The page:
What role is there for electrofuel technologies in European transport’s low carbon future?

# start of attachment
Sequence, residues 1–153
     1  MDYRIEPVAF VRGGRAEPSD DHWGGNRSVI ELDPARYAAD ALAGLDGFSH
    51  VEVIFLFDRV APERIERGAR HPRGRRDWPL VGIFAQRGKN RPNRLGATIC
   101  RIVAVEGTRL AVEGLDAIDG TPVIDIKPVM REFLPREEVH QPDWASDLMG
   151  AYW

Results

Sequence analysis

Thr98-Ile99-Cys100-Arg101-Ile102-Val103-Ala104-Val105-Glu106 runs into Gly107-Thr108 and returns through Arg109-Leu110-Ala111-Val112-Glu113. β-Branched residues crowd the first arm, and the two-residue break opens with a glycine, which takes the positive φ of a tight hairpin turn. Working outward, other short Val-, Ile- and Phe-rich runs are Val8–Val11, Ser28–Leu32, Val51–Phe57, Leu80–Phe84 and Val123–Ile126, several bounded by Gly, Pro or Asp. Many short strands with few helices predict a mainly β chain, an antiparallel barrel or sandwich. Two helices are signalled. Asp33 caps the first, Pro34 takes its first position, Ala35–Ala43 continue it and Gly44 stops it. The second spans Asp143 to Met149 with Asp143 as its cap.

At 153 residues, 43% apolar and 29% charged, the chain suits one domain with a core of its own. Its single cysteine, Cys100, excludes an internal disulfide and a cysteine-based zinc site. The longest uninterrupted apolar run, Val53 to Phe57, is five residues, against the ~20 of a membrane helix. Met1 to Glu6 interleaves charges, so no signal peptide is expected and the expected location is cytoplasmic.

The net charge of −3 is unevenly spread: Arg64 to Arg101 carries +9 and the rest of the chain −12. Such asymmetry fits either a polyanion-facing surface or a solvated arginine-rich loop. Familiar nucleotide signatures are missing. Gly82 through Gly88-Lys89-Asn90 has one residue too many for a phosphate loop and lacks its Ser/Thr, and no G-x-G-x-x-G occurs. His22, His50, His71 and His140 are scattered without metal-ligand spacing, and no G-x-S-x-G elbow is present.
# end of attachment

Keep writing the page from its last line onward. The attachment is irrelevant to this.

Liquid fuels are set to be part of the European and global transport energy supply for some time to come – and given limitations on sustainable biofuel production, the option of converting renewable electricity into petrol, diesel and jet fuel is a subject of renewed interest. This review, commissioned by the Brussels NGO Transport and Environment, considers the status and economics of electrofuel production, and the implications of a growth in electrofuel supply in the EU for electricity demand. It finds that the cost of electrofuel production, and in the particular the cost of input electricity, is a major barrier to competitiveness that looks likely to be difficult to overcome in the near future. Given the relative inefficiency of use of electricity for liquid fuel production as compared to direct supply of electricity to electric vehicles, electrofuel production should be considered as a niche solution primarily relevant in parts of transport where electrification and efficiency improvements cannot on their own deliver outcomes consistent with 2050 decarbonisation targets, notably aviation. The report also highlights the regulatory challenges of counting electricity as ‘renewable’ when used for electrofuel production, and highlights that the proposed regulatory framework under RED II could unintentionally undermine European environmental goals by double counting renewability.